2000 Bush debates 2007 Bush. Again.

President Bush on the justice system:

I don’t believe my role is to replace the verdict of a jury with my own

He wrote that in his autobiography, “A Charge to Keep,” on why he had 152 inmates put to death while governor of Texas. But…uh…everything changed after September 11. Or something.

Published by Waldo Jaquith

Waldo Jaquith (JAKE-with) is an open government technologist who lives near Char­lottes­­ville, VA, USA. more »

13 replies on “2000 Bush debates 2007 Bush. Again.”

  1. But he didn’t replace the verdict of a jury with his own; rather, he replaced a portion of the sentence of a judge with his own.

    The guilty verdict remains…for now. (Has Vegas issued odds yet on a pardon?)

  2. Exactly Jeff. Libby has Bush’s most treasured associate quality – he is seamlessly loyal and doesn’t name names. Best that he should be rewarded with a reprieve from the penitentiary where that quality might be tested.

    Bush clearly doesn’t care to have a conversation about the course of Whitehouse actions that led to the invasion of Iraq. The question is whether America is inclined to sweep accountability under the rug.

  3. The Capital Times:

    James Madison, who is rightly referred to as “the father of the Constitution,” wrote extensively about the times in which impeachment would be necessary. “(If) the president be connected, in any suspicious manner, with any person, and there be grounds to believe he will shelter him, the House of Representatives can impeach him; they can remove him if found guilty,” observed the man whose notes provide the essential outline of the deliberations of the constitutional convention.

    Gimme Shelter!

  4. “Nonviolent offenders should not be serving hard time in our prisons. They need to be diverted from our prison system.”

    Hillary Clinton – Democratic Debate June 28, 2007

  5. “Nonviolent offenders should not be serving hard time in our prisons. They need to be diverted from our prison system.”

    I don’t think that the solution she had in mind was for Bush to effectively pardon one of his cronies, and then just leave the laws on the books.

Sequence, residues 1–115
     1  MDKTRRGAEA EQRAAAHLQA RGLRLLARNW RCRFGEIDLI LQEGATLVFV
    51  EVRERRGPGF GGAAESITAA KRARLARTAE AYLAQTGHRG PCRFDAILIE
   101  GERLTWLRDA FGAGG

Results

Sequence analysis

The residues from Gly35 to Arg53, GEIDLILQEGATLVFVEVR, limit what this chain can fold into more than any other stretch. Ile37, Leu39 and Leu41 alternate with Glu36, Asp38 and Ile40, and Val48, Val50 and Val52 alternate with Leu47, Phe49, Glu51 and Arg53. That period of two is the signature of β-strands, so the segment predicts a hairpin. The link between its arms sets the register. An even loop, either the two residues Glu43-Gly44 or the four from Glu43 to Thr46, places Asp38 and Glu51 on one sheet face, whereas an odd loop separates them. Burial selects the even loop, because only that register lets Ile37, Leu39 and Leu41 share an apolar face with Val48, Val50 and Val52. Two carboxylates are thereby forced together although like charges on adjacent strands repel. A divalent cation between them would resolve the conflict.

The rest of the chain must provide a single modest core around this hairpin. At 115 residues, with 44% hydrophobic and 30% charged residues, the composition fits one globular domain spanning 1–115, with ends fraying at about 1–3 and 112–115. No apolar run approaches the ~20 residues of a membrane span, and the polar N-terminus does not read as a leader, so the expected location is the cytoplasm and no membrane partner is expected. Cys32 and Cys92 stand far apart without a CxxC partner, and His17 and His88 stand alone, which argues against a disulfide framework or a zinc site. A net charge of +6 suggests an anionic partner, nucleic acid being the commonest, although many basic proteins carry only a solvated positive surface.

Though honestly, I’m in favor of very harsh sentences for corrupt politicians, and this includes cases of perjury to protect corrupt politicians, especially given that a $250,000 fine and probation really doesn’t mean much to people with friends at the top. If Hillary Clinton feels otherwise (and I wouldn’t be surprised if she does), then that’s yet another thing I disagree with her on.

  6. Another primo example of the stark difference between Bush 2000 rhetoric vs. Bush 2007 reality appears when you compare a promise he made in one of the debates with Al Gore.

    Bush said something like this — When I’m president my foreign policy won’t be “arrogant.” So, America won’t be engaged with “nation-building.” As I remember it, he repeated this as a pledge several times during the campaign.

    Of course, one might stoop to defend Bush’s rather clumsy nation-building efforts in Iraq by saying he hasn’t been nation-building, it’s been more like nation-destroying.

  7. J.S., you quote Clintonisms (words and/or deeds) as if those frequently muddle-headed antics in some way justify Bush’s actions.

    Until recently, I was a lifelong Republican myself, one who voted for George Bush Sr. in 1988 and who cast a sum total of zero votes for Bill Clinton, and I’m absolutely incensed at the horrors that this current administration is inflicting upon our country’s fiscal policy, military, civil rights, political system, concepts of due process, and our standing in the world. (By no means a complete list.)

    I supported Bill Clinton’s impeachment for the same reason that I support Libby’s imprisonment: unpunished perjury undermines our justice system, regardless of what events (political, sexual, …) surround the the perjured testimony.

    You’re going nowhere by saying “But…[first name] Clinton [did|said] [insert waffles & syrup].”

  8. Waldo was illustrating how Bush was hypocritical (despite the fact that Bush didn’t actually replace the verdict of a jury with his own in the Libby matter.) I fail to see how it’s not relevant to point out that he’s not alone in issuing conflicting statements.

  9. Must have been terribly hard, given his status as a long suffering public servant. Poor Scooter.

    (I wonder if we’ll be seeing him out and about more than he has been. I look forward to chance to meet him.)

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